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Because more than 90 per cent of Canadian wheat is destined for international markets, this country’s transportation system must step up to ensure reliable, responsible delivery of our grain to markets that rely on it. While concerns about the system are not new, persistent service delays last year highlighted the need for improvement. The final report of the national Supply Chain Task Force renewed discussions about the fairness and effectiveness of Canadian grain transportation and its impact on shippers and the broader market.

The year following the report’s release brought intensified calls for a balanced system. Omar Alghabra, former federal minister of transport, said the system was in crisis. Prime Minister Justin Trudeau said dysfunction in the supply chain damaged Canada’s trade reputation and cautioned its unreliability could drive away market access opportunities.

 The government introduced extended rail interswitching measures in Budget 2023 to boost competition. However, a solution that goes beyond the 18-month pilot will be crucial. It does not provide sufficient data and dissuades grain company participation due to potential impacts on their long-term relationships with rail carriers. Such relationships are vital to maintain affordability and accessibility. Moreover, farmers in northern Alberta, Saskatchewan and parts of British Columbia remain excluded. A permanent, nationwide increase in extended interswitching to 500 kilometres will benefit all grain farmers and ensure fair competition.

Grain Growers of Canada (GGC) is proposing this change to interswitching as well as additional improvements to the system. Maximum revenue entitlement (MRE), contracting practices, fuel surcharges and mandated grain plans must also be addressed. Issues in these areas hinder fairness for shippers and grain farmers. To create a robust, sustainable system that serves the best interests of all involved, it is essential to align proposed changes with stakeholders’ needs.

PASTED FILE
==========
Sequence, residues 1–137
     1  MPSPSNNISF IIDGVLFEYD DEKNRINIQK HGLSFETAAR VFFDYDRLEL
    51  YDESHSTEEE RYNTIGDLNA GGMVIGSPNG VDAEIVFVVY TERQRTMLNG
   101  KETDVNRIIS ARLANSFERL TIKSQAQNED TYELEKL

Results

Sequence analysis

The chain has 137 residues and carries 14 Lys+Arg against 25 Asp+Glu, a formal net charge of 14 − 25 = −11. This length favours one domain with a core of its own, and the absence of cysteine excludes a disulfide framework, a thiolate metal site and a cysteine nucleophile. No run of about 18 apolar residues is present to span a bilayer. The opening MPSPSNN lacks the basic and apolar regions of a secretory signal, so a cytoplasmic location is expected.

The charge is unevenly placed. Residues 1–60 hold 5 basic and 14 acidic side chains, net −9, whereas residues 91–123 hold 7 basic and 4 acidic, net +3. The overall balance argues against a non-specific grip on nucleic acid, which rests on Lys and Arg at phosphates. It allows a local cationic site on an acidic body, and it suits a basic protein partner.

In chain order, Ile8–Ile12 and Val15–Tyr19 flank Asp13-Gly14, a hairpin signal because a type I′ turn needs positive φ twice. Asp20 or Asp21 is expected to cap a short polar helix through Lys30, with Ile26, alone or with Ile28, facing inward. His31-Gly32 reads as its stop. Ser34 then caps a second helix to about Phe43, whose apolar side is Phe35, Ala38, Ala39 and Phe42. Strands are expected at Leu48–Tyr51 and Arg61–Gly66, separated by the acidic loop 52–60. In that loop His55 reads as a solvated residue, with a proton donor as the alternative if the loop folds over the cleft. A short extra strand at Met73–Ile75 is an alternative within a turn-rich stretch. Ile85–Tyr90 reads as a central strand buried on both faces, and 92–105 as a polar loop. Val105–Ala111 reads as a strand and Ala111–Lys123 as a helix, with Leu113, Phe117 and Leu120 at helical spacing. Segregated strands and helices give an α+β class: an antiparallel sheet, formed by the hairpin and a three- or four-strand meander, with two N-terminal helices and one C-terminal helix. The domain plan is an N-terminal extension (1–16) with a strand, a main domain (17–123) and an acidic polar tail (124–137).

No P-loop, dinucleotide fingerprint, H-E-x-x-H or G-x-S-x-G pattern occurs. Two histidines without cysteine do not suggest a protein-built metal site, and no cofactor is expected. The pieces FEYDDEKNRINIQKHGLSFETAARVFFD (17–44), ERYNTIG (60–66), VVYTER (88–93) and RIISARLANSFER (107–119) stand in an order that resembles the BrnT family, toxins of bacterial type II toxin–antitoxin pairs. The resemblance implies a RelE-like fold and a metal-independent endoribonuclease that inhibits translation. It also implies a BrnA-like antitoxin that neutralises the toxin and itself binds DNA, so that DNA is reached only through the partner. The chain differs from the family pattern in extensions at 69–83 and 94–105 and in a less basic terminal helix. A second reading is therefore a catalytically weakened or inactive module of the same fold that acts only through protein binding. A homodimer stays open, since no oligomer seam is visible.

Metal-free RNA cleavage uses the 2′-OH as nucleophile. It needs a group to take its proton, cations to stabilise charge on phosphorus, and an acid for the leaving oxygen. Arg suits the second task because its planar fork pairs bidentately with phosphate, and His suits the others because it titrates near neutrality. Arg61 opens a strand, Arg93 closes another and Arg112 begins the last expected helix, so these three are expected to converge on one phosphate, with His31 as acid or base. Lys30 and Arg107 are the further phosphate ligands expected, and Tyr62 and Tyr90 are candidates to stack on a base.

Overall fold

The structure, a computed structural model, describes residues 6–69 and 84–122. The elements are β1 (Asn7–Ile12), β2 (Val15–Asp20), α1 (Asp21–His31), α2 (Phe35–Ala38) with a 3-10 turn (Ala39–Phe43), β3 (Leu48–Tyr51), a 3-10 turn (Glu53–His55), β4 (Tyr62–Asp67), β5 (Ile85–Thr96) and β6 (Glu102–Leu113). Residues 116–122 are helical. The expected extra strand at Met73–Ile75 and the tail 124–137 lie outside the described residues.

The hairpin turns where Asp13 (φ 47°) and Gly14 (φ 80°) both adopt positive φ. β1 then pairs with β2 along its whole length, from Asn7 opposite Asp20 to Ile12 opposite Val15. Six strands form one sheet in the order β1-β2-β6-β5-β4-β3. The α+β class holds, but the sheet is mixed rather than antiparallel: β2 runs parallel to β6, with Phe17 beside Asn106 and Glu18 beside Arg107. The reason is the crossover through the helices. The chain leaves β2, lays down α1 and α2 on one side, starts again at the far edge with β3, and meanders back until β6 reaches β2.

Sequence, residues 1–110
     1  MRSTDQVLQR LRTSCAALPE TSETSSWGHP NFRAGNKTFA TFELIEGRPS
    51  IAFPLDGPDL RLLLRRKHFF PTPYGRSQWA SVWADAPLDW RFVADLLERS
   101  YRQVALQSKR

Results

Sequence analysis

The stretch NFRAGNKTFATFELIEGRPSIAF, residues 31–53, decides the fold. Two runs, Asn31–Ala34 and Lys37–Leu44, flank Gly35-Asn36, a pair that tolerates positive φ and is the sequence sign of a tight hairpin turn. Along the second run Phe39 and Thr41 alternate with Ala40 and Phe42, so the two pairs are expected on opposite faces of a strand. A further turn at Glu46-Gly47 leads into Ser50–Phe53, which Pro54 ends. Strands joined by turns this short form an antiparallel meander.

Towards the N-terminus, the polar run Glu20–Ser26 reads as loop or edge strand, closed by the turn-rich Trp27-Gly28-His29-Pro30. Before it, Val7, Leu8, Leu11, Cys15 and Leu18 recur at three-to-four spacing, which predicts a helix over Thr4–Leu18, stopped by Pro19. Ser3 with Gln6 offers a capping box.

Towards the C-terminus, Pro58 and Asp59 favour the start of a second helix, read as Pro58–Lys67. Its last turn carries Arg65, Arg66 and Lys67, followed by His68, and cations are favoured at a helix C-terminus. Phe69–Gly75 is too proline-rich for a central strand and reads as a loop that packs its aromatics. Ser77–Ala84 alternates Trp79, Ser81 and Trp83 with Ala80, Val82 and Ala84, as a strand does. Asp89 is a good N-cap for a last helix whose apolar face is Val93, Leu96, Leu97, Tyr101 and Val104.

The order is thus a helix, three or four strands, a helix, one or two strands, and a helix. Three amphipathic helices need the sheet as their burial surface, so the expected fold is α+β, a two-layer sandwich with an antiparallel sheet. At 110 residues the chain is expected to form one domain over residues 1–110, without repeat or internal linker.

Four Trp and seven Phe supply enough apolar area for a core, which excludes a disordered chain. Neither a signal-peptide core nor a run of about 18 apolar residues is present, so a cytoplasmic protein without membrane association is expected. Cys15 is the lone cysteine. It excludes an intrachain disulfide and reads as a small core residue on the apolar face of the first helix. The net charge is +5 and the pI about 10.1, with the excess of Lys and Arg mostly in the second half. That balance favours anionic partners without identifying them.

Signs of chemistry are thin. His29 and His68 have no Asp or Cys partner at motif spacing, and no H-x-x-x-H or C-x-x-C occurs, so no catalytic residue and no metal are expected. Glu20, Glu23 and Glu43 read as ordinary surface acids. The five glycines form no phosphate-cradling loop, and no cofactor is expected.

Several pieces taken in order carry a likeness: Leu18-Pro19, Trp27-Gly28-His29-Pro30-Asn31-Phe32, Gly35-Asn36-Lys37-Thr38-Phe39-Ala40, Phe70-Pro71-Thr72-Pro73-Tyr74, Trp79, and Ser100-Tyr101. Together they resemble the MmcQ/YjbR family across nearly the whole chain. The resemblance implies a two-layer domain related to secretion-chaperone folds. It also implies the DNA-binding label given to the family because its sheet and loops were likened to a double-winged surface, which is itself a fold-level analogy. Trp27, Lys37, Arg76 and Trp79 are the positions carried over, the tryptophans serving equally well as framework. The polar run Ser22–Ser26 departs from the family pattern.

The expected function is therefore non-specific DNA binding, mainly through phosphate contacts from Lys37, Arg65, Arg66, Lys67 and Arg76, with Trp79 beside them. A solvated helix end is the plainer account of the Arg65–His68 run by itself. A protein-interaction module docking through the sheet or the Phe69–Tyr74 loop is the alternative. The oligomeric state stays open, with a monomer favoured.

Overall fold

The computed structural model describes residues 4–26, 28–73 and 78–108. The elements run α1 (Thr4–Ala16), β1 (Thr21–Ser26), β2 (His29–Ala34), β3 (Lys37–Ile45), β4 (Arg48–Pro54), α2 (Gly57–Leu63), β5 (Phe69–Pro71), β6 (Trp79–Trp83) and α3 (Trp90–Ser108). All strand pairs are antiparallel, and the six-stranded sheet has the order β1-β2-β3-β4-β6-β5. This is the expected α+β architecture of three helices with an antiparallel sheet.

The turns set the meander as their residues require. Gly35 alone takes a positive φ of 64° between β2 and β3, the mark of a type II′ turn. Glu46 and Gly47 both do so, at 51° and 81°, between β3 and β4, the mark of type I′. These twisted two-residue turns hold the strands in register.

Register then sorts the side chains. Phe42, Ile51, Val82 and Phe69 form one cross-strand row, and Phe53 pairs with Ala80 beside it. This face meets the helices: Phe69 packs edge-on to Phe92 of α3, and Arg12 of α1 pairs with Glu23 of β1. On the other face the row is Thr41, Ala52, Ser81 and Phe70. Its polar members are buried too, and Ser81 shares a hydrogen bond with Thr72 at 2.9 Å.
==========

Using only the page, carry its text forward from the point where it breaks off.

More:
Central to this re-evaluation is the need to recognize the critical role of the MRE within the non-competitive carrier landscape. Of particular benefit to western farmers, the MRE serves as a vital safeguard to provide price stability for shippers. Its adaptable framework ensures fair compensation for carriers and allows flexibility in rate adjustments based on services rendered. However, surplus funds exceeding the MRE cap should be used for initiatives that directly benefit grain farmers through the Western Grains Research Foundation (WGRF).

Aligning WGRF resources with transportation initiatives such as railway performance monitoring will enhance efficiency. This strategic reallocation of surplus funds would provide real-time data on grain shipments by rail to enable shipping accountability and an improved mechanism to plan for future increases in grain volume.

We must also address contracting practices governed by the Canada Transportation Act. The current allowance for confidential negotiations significantly favours rail companies at the expense of farmers. The provision must be done away with to restore equilibrium, ensure fairness and uphold legislative principles.

 Fuel surcharges intended to manage cost fluctuation within long-term contracts have evolved into a stream of advantages for rail companies. The absence of mechanisms to balance such fuel cost variation creates an unfair playing field that disproportionately affects shippers. It is necessary to implement a fair compensation system that accounts for such fluctuation.

 Mandated grain plans were designed to publicly outline rail strategy to best handle the year’s expected crop volume. These have likewise strayed from their original intent. They have become platforms on which rail companies advocate for specific positions and must be realigned to suit their original intent.

 We commit to advocate for a more balanced system. Engagement with policymakers and legislators helps drive necessary changes to ensure fairness, transparency and efficiency in our transportation network. This engagement is important for the industry and for Canada’s agricultural competitiveness and global market access.  

Kyle Larkin is the executive director of GGC.


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